Navigation
Become a Member
Worksheets
Interactive Tools
Guides
Videos
Articles
Products
About
Search
Filter by Demographic
Children Adolescents Adults
Filter by Topic
Anger Anxiety Art CBT Communication DBT Depression Education Emotions Goals Grief Parenting and Behavior Positive Psychology Relationships Relaxation Self-Esteem Stress Substance Use Values

Urge Surfing Script

Urge surfing helps control behaviors such as drug and alcohol use, emotional outbursts, aggression, and other unwanted impulses. The goal of this technique is to recognize and accept the feelings of an urge, rather than trying to suppress them. Relaxation and distraction are used to “surf” the urge until it fades away.

The Urge Surfing Script provides the language and instruction for a guided version of this classic technique. The script will guide your clients through mindful awareness of their urge, along with visualization and deep breathing practice.

Visualization instructs clients to use their senses to imagine an ocean scene. Focusing on the color of the waves, the crunch of sand, and the smell of saltwater allows clients to immerse themselves in a pleasant scene, providing distraction from their urge.

Next, clients are guided through deep breathing, and given time to practice on their own. Deep breathing helps reduce stress and anxiety, while offering another helpful distraction from the urge. Throughout the exercise, clients are reminded they have the ability to recognize their thoughts and feelings without acting on them. Rather than giving in to an urge, they can ride it out, like a surfer riding a wave.

Urge surfing can be used in addictions treatment, in acceptance and commitment therapy (ACT), and in dialectical behavior therapy (DBT).

Want a professionally recorded version of this script, complete with music and ocean ambiance? Try our interactive tool:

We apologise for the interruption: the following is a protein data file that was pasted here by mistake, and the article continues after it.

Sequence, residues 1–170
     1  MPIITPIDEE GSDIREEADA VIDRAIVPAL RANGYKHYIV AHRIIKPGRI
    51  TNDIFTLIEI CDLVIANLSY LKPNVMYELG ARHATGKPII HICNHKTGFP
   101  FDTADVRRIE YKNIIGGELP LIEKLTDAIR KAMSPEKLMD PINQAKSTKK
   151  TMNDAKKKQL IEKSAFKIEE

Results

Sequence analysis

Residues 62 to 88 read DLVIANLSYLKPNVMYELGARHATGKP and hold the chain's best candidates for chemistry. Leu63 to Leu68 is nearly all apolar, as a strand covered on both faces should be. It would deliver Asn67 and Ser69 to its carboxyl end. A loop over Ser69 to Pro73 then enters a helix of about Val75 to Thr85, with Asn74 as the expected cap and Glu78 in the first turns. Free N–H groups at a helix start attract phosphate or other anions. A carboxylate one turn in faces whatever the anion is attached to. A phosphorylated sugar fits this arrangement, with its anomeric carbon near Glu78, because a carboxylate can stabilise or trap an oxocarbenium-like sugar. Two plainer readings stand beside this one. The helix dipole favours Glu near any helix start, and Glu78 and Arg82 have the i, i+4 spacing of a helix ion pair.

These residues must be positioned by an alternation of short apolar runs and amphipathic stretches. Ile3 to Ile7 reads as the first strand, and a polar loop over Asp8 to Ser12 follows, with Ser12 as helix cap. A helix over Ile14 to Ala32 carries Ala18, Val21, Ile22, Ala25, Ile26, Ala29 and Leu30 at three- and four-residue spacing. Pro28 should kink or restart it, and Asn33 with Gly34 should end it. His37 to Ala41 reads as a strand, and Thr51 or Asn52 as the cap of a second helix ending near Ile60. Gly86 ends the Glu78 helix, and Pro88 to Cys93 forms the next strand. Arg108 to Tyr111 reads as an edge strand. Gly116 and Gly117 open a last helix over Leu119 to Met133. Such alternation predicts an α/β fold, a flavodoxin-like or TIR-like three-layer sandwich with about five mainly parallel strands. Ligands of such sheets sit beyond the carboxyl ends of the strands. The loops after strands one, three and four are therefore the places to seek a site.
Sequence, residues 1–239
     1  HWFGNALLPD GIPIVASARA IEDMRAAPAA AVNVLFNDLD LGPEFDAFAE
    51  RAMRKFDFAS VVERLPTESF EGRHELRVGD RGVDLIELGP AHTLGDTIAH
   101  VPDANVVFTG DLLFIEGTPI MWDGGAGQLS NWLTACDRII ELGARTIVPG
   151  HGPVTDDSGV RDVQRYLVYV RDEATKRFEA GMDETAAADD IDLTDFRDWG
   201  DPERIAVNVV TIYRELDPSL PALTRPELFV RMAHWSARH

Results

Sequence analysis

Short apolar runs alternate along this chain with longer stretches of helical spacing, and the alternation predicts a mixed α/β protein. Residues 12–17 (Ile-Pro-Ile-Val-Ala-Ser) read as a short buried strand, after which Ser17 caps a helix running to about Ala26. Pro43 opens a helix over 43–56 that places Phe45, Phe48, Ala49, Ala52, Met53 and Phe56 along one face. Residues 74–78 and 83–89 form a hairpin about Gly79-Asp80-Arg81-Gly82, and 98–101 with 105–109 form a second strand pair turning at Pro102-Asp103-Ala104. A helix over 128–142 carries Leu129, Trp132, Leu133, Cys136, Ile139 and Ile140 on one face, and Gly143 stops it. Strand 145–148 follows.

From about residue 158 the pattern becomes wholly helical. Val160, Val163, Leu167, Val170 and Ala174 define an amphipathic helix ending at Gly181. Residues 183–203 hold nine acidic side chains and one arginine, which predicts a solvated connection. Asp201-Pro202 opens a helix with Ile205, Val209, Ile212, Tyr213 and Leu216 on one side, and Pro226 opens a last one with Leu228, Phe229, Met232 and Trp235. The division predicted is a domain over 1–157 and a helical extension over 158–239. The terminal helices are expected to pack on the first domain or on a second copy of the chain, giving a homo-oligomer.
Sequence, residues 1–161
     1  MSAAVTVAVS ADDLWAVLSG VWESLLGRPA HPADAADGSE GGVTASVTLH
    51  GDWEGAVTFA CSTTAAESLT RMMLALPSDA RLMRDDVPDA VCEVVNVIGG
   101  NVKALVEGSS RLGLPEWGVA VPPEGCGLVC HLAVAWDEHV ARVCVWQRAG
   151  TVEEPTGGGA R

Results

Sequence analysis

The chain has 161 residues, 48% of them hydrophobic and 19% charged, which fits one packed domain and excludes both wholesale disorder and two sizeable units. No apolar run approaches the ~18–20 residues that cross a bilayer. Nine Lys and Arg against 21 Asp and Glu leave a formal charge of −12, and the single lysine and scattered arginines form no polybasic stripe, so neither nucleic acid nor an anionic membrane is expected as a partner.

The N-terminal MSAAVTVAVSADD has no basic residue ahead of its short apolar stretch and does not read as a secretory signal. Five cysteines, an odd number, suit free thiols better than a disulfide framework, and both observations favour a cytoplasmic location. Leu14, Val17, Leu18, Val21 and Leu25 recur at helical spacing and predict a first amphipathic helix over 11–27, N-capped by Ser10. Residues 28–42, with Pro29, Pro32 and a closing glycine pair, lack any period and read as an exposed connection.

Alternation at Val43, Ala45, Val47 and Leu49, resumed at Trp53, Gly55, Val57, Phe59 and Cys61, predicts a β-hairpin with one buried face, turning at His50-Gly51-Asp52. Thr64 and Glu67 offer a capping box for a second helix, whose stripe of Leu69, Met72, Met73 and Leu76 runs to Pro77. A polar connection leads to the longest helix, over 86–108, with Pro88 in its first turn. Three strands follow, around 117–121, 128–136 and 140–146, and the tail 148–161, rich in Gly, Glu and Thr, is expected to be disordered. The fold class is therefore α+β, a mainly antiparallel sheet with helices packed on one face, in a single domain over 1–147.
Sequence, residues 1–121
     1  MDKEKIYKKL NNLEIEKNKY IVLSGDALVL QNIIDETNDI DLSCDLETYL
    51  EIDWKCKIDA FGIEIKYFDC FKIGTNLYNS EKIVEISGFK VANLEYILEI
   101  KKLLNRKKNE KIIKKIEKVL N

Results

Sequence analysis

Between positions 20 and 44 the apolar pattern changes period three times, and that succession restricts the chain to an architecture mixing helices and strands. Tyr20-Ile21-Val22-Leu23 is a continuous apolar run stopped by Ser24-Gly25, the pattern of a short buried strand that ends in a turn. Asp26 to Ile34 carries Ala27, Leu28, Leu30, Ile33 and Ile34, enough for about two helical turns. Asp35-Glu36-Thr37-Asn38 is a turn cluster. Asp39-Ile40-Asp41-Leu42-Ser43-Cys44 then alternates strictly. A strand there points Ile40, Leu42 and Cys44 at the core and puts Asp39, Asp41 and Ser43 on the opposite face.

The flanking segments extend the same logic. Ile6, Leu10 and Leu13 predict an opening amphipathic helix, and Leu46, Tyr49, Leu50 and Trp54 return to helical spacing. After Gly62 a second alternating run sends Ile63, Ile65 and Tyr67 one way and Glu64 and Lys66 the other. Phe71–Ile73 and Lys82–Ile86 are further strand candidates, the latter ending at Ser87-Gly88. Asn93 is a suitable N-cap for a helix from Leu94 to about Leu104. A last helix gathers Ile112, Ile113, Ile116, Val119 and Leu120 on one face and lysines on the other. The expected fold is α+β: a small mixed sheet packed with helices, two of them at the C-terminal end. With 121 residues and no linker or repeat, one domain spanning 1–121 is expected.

Standard Download

Download Free Worksheet

Alternate languages: Spanish
Premium Download
Preview
Urge Surfing Script Preview
References

1. Abouzed, M., Kamel, A., Amer, M., Mamdouh, H., & Bakeer, M. S. (2020). Urge surfing intervention in patient with chronic atopic dermatitis. Al-Azhar Assiut Medical Journal, 18(4), 449.

2. Dharmadhikari, A. S., & Sinha, V. K. (2015). Psychological management of craving. J Addict Res Ther, 6(230), 2.

3. Didonna, F. (2009). Clinical handbook of mindfulness (pp. 447-462). New York, NY: Springer.

4. Lloyd, A. (2003). Urge surfing. Cognitive behavior therapy: Applying empirically supported techniques in your practice, 451-455.

5. Marlatt, G. A., Bowen, S., Chawla, N., & Witkiewitz, K. (2008). Mindfulness-based relapse prevention for substance abusers: therapist training and therapeutic relationships.

6. Narayanan, G., & Naaz, S. (2018). A transdiagnostic approach to interventions in addictive disorders-third wave therapies and other current interventions. Indian journal of psychiatry, 60(Suppl 4), S522.

7. O'Donohue, W. T., & Fisher, J. E. (Eds.). (2008). Cognitive behavior therapy: Applying empirically supported techniques in your practice. John Wiley & Sons.

8. Ostafin, B. D., & Marlatt, G. A. (2008). Surfing the urge: Experiential acceptance moderates the relation between automatic alcohol motivation and hazardous drinking. Journal of Social and Clinical Psychology, 27(4), 404-418.

9. Semple, R. J., & Briere, J. (2020). Adolescent Trauma Training Center.

10. Shonin, E., & Van Gordon, W. (2016). The mechanisms of mindfulness in the treatment of mental illness and addiction. International journal of mental health and addiction, 14(5), 844-849.

loading animation